Imagine if you could pick between Uber drivers based on their driving experience. Would you hire an experienced driver who has logged hundreds of thousands of road miles or one who has driven just a few hundred miles? I’ll bet you’d go with the experienced driver.
Now apply the same question to driverless cars. How would you pick? The same logic applies: Go with experience.
By the miles-driven heuristic, recent reports released by the California Department of Motor Vehicles
show that Waymo (the new Alphabet spinout previously known as Google's Self-Driving Car program) is running laps around its competitors. As with human drivers, experience matters for driverless capabilities. That’s because the deep learning AI techniques used to train driverless cars depend on data—especially data that illuminates rare and dangerous “edge cases
.” The more training data, the more confidence you can have in the results.
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In 2016, Waymo
logged more than 635,000 miles while testing its autonomous vehicles on California’s public roads compared to just over 20,000 for all its competitors combined.
As the W. Edwards Deming principle that is popular in Silicon Valley goes, “In God we trust, all others bring data.” The data shows that Waymo is not only 615,000 miles ahead of its competitors but that those competitors are still neophytes when it comes to proving their technology on real roads and interacting with unpredictable elements such as infrastructure, traffic and human drivers.
Now, there are lots of ways to cut the data and therefore a lot of provisos to the simple test-miles-driven heuristic.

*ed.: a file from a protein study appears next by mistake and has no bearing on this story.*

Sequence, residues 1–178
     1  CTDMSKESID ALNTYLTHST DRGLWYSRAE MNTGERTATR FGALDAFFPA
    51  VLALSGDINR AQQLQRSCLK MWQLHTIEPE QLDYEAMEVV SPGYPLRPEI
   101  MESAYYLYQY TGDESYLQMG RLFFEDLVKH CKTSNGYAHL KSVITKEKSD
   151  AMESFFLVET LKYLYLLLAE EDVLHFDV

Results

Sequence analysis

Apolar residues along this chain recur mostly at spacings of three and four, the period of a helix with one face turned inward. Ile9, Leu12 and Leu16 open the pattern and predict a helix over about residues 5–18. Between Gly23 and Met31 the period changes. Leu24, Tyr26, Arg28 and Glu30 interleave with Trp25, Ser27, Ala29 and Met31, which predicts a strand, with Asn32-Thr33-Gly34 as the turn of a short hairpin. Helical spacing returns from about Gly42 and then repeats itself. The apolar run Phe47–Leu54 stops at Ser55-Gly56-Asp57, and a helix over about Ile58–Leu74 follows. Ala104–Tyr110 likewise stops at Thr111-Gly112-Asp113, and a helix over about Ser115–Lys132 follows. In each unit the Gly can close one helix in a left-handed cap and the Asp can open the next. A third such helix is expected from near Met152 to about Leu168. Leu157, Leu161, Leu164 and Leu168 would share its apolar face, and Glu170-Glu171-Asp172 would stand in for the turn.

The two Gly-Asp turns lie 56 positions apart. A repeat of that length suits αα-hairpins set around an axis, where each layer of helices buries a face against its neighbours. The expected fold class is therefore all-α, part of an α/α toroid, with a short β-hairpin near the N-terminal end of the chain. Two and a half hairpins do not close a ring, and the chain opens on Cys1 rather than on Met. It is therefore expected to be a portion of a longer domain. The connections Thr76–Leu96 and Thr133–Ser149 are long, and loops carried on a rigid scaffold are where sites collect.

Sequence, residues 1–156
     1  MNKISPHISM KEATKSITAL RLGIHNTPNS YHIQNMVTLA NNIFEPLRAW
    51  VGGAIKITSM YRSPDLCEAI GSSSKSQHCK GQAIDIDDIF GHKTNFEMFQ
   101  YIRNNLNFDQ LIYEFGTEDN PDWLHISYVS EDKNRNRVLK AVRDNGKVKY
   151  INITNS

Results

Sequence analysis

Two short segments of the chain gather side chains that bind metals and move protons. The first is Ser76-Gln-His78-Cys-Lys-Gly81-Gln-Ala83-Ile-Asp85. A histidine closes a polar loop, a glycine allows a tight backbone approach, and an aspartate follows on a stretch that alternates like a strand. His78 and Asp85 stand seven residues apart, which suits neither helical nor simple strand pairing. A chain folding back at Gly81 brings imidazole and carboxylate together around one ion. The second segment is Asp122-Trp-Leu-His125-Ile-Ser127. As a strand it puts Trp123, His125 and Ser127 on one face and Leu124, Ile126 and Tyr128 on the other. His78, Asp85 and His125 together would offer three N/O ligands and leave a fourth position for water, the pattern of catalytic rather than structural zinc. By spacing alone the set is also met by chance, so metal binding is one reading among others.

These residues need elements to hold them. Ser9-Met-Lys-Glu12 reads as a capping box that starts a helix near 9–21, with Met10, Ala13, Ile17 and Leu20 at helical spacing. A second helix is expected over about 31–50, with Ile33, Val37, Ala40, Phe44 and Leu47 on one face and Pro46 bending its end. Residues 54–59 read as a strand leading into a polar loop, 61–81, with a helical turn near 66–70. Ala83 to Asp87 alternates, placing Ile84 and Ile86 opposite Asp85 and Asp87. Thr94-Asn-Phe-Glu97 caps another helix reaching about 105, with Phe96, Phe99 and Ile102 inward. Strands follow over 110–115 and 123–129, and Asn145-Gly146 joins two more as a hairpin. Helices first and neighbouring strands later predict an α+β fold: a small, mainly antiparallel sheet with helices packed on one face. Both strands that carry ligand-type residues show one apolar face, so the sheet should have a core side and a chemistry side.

Waymo also leads the others in terms of fewer “disengagements,” which refers to when human test drivers have to retake control from the driverless software. Waymo's test drivers had to disengage 124 times, or about once very 5,000 miles.
Other companies were all over the map in terms of their disengagements. BMW
had one disengagement during 638 total miles of testing. Tesla
had 182 disengagements in 550 miles. Mercedes-Benz
had 336 disengagements over 673 miles. Fewer miles might mean fewer edge cases were encountered, or it might mean that those companies tested particularly difficult scenarios. But, low total miles driven casts doubt on the readiness of any system for operating on public roads. Until other contenders ramp up their total miles by a factor or 1,000 or more, their disengagement statistics are not statistically relevant.
Tesla fans could rightly point to the more than two hundred million miles that Tesla owners have logged under Tesla’s Autopilot feature
. Those miles are not considered here. (Autopilot is not defined as autonomous under California law, so Tesla is not required to report disengagements to the California DMV.) But, no doubt, all those miles means that Tesla’s Autopilot software is probably very well trained for highway driving.
What do those highway miles tell us about Tesla’s ability to handle city streets, which are more complex for driverless cars? Not much, but the 550 miles that Tesla did spend on public road autonomous testing speaks volumes about its dearth of experiential learning on city streets. (Ed Niedermeyer, an industry analyst, recently argued
that most of Tesla's 550 miles were probably logged while filming one marketing video.)
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It should also be noted that the reported data applies only to California; it does not account for testing in other active driverless hubs—such as Waymo’s test cars in Austin, TX
, Uber’s driverless pilots in Pittsburgh
or nuTonomy’s testing in Singapore
(just to name a few). It is safe to guess, however, that a significant percentage of all autonomous testing has been logged in California.
Notably missing from the reports to the California DMV are all other Big Auto makers and suppliers—and other players cited or rumored as driverless contenders, like Apple
. They might well be learning to drive on private test tracks or outside of California. But, until they bring data about their performance after significant miles on public roads, don't trust the press releases or rumors about their capabilities.
Waymo’s deep experience in California does not guarantee its victory. Can it stay ahead as others accelerate? That remains to be seen, but it is clear from the California DMV reports that Waymo is way ahead on the driverless learning curve.